AGILITY WITHOUT A FOOTPRINT

The Distributed Field Station


It's hard enough to get to Beartooth Lake in the summer, demanding a traverse of Yellowstone's Northern Range from the west or a white-knuckle climb of the switchbacking Beartooth Highway from the east.

Beartooth Pass

Beartooth Fox

It's even harder in the winter, when the highway is buried under snow and you need a snowmobile and/or skis, a warm jacket, and a cheerful attitude to make the commute.

But that is where the distinct population of native foxes that YERC has long been studying reside, and winter is the best time to track and trap these elusive carnivores for research. Besides, the logistic challenges of doing research in the remote corners of the Greater Yellowstone Ecosystem's 15 million acres is just part of the job for YERC's Adaptive Ecologists.




Changing the way we think about field stations:

YERC has long maintained a field station near the Northeast Entrance of Yellowstone National Park to house its researchers and collaborators. But the time and expense needed for maintenance—not to mention the limited ability of a fixed field station to facilitate research needs across millions of acres—led YERC to ask whether the field station concept could be done better.

How can we maintain our research presence while reducing the footprint of our presence? How can we provide safe, comfortable housing in all the far flung places we are sending our researchers? How can we continue using our field station as a tool for building collaborations, and how does that appeal to major funding agencies that are calling for greater collaboration not only between researchers, but also between sensors, equipment, and facilities? What is the future role of field stations in Adaptive Ecology at ecosystem scales?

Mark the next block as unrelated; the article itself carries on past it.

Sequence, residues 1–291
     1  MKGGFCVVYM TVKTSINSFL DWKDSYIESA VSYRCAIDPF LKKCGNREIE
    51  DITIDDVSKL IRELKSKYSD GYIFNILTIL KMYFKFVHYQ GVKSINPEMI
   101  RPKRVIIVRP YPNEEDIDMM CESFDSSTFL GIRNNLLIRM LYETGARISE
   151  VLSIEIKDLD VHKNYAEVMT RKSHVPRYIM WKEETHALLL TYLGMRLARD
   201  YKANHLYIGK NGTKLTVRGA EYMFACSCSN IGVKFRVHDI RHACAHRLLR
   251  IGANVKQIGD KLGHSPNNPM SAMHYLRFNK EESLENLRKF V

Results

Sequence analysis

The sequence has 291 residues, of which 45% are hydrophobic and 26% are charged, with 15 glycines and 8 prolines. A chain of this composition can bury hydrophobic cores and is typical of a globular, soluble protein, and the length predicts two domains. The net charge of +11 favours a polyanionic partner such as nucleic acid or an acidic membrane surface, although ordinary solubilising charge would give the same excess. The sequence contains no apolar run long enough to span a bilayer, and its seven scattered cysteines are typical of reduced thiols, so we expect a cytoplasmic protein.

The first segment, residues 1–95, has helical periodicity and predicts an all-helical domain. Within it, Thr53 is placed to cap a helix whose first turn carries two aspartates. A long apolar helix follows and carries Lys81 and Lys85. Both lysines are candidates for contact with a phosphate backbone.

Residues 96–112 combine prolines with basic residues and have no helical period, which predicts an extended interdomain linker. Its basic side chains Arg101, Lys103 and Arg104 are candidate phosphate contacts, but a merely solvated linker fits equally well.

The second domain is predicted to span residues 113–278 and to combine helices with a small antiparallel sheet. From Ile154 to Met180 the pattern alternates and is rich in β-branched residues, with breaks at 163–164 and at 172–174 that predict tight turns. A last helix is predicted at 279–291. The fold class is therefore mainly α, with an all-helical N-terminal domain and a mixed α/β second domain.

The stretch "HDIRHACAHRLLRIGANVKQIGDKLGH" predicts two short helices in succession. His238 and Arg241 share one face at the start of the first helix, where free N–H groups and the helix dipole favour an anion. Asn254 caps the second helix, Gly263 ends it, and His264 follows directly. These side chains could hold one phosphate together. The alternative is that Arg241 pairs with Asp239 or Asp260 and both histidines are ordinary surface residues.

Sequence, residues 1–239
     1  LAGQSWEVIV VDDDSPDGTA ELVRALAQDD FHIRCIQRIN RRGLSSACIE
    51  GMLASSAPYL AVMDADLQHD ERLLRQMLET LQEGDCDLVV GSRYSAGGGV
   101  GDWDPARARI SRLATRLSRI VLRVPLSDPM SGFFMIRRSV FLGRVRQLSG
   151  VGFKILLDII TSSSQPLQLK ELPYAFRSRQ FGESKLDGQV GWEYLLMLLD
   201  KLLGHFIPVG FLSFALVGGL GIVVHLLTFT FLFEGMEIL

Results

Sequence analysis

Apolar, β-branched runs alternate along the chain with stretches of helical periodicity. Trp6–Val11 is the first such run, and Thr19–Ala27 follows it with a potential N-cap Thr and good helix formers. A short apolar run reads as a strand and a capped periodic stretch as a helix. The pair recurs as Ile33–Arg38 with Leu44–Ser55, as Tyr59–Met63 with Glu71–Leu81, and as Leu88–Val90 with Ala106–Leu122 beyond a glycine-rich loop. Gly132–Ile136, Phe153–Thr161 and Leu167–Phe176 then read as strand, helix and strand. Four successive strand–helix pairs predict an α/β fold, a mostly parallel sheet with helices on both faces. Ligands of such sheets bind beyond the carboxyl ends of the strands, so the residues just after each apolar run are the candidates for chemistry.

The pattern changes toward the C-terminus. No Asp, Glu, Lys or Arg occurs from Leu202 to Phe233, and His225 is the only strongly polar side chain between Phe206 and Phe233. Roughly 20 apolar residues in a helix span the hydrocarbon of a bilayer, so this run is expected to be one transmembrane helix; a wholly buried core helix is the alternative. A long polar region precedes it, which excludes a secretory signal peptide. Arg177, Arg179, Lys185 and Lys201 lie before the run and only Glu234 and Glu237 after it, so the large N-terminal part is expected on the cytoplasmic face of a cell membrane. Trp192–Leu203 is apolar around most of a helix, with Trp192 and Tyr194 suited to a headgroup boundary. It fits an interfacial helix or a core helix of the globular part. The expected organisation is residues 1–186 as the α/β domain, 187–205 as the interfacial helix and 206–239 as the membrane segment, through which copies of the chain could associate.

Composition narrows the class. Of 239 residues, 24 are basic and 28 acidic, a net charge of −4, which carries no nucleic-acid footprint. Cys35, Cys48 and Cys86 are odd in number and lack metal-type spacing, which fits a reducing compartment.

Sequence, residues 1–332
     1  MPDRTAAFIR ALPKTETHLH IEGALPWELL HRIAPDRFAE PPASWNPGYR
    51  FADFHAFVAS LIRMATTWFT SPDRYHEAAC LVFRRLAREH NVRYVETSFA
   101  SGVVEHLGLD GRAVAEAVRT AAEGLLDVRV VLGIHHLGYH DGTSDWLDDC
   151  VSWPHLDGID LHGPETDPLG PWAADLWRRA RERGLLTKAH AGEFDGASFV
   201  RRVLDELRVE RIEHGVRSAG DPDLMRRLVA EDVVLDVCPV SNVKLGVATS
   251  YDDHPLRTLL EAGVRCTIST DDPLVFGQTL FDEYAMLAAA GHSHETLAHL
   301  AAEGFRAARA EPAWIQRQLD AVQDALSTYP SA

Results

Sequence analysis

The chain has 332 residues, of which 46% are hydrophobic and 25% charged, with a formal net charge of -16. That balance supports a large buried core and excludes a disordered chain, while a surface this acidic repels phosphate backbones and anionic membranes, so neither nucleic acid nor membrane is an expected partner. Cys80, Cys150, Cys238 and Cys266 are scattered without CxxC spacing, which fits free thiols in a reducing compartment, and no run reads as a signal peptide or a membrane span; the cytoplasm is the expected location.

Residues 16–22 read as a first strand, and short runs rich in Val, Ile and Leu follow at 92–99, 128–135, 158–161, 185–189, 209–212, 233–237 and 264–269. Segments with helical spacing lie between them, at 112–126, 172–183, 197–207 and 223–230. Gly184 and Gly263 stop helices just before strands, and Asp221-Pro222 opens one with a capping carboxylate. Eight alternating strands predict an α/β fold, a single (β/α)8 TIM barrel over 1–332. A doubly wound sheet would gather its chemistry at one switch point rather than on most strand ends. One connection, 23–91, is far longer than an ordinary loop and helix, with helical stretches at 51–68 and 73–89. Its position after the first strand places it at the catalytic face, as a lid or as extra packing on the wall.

Our response is the Distributed Field Station concept, a combination of mobile housing units such as fifth wheel camper trailers with a distributed network of sites at fixed field stations, campgrounds, ranches, and other sites belonging to and managed by collaborators. That way, we can get our researchers to the places where research is needed, reduce the costs of that research and its impact on the environment it is supposed to help conserve, and build collaborations within research communities as well as the communities within the ecosystem being researched.


Living on the Distributed Field Station

The Distributed Field Station in the Beartooth Mountains during the winter of 2013.

Thanks to a Field Station and Marine Laboratory grant from the National Science Foundation, in 2012 we were able to put the concept to the test at the windswept, snowbound, U.S. Forest Service's Beartooth Lake Campground.

The Distrubuted Field Station provides spacious and comfortable living conditions in the most extreme environments.

For two blustery winters on the high plateau at 9,000 to 11,000 feet above sea level, researchers working on the fox project came home each night from a day of checking traplines or snow tracking foxes on skis to a warm, dry, well-stocked and well-lit camper trailer nestled in the campground's deep snow. Since then, it has housed summer crews and volunteers working on a variety of projects in and around Yellowstone Park. And now we are looking for its next assignment.

Being able to prepare and cook a hot meal after a long field day in a remote region, helps keep morale and energy high while in the field.


Get Involved

If you are a researcher preparing for a field season in the region and trying to figure out housing, contact us if you think our Distributed Field Station can help. If you are a research organization interested in implementing the Distributed Field Station concept yourself, you should contact us too for more information and advice based on our experience. As with Adaptive Ecology, we think that the Distributed Field Station concept will revolutionize the natural science and conservation fields.

Field work just got a lot more fun.